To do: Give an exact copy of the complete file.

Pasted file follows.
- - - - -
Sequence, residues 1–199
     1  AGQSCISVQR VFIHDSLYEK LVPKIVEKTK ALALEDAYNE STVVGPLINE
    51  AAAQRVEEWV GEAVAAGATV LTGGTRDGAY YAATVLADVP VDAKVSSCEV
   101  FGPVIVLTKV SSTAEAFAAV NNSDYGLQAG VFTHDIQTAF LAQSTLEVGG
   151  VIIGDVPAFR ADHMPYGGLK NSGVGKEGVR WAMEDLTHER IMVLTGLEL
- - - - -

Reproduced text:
Sequence, residues 1–199
     1  AGQSCISVQR VFIHDSLYEK LVPKIVEKTK ALALEDAYNE STVVGPLINE
    51  AAAQRVEEWV GEAVAAGATV LTGGTRDGAY YAATVLADVP VDAKVSSCEV
   101  FGPVIVLTKV SSTAEAFAAV NNSDYGLQAG VFTHDIQTAF LAQSTLEVGG
   151  VIIGDVPAFR ADHMPYGGLK NSGVGKEGVR WAMEDLTHER IMVLTGLEL